Energy security is a multifaceted problem in developing Asia. An estimated 426 million people, or about 12% of the population in Asia and the Pacific, still lack access to electricity. Rural areas, in particular, lack electrification, highlighting the disparity compared to urban areas. Meanwhile, fossil fuels (oil, natural gas, and coal) are the main sources of energy for many Asian countries. Overdependence on one or two energy resources (such as coal for PRC) or on energy imports (as in the case of Japan) endangers energy security. Furthermore, Southeast Asian countries, with their booming economies, have steadily increased their carbon emissions in the last two decades. The region's CO2 emissions grew more rapidly between 1990 and 2010 than in any other part of the world, with the ADB warning that the resultant global warming could trigger floods, water shortages, and economic losses. Energy security therefore requires promoting (i) accessibility, (ii) self-sufficiency, and (ii) diversification of energy resources, which also helps make economies resistant to energy price fluctuations.
Switching from fossil fuels to renewable energy resources (hydro, solar, wind, geothermal), and increasing the latter’s share in energy production among Asian economies would not only increase self-sufficiency and diversify energy sources, it would also help reduce CO2 emissions. However, green energy projects (e.g., solar power plants, wind power generators) require much investment and are often considered risky by banks. New schemes of financing are thus required.
ADBI is working to help craft energy security policies in developing states. This workshop will include discussions on the challenges associated with financing and constructing green energy projects to improve access to electricity for the millions of people who still live without it, and with diversifying countries’ energy resource baskets to ensure energy security and self-sufficiency.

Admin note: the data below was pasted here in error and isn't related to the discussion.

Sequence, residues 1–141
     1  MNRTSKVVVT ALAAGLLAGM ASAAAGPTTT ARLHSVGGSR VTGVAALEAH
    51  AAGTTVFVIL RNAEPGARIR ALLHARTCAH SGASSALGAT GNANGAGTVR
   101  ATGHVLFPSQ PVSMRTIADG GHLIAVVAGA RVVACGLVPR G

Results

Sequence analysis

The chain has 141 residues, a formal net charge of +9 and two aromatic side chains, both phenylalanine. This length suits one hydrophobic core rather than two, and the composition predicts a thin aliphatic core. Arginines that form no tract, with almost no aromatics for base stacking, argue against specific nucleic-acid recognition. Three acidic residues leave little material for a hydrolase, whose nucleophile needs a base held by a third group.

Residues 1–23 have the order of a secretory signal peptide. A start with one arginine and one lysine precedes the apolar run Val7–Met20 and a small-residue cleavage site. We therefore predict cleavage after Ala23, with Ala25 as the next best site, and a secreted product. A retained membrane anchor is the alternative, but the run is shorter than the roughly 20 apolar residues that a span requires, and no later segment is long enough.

- To highlight current challenges in improving energy self-sufficiency in Asia; and
- To enhance the capacity of policy makers in ADB’s DMCs by increasing their knowledge about ensuring energy self-sufficiency and security in the region.
About 70 participants and speakers to be drawn from governments, including ministries of energy and power, and other relevant government agencies engaged in financing energy projects.
Attendance in all sessions and participation in discussions.
Clear understanding of green energy projects, energy technology, energy policy, and energy financing.
How to register
By invitation only.
Ministry of Energy and Mines, Lao PDR, Ministry of Home Affairs, Lao PDR and Economic Research Institute for ASEAN and East Asia (ERIA)
Time of event
09:00 - 18:00Stay up to date Subscribe to our newsletter and get the latest issues, news, events, jobs and data in your e-mail inbox.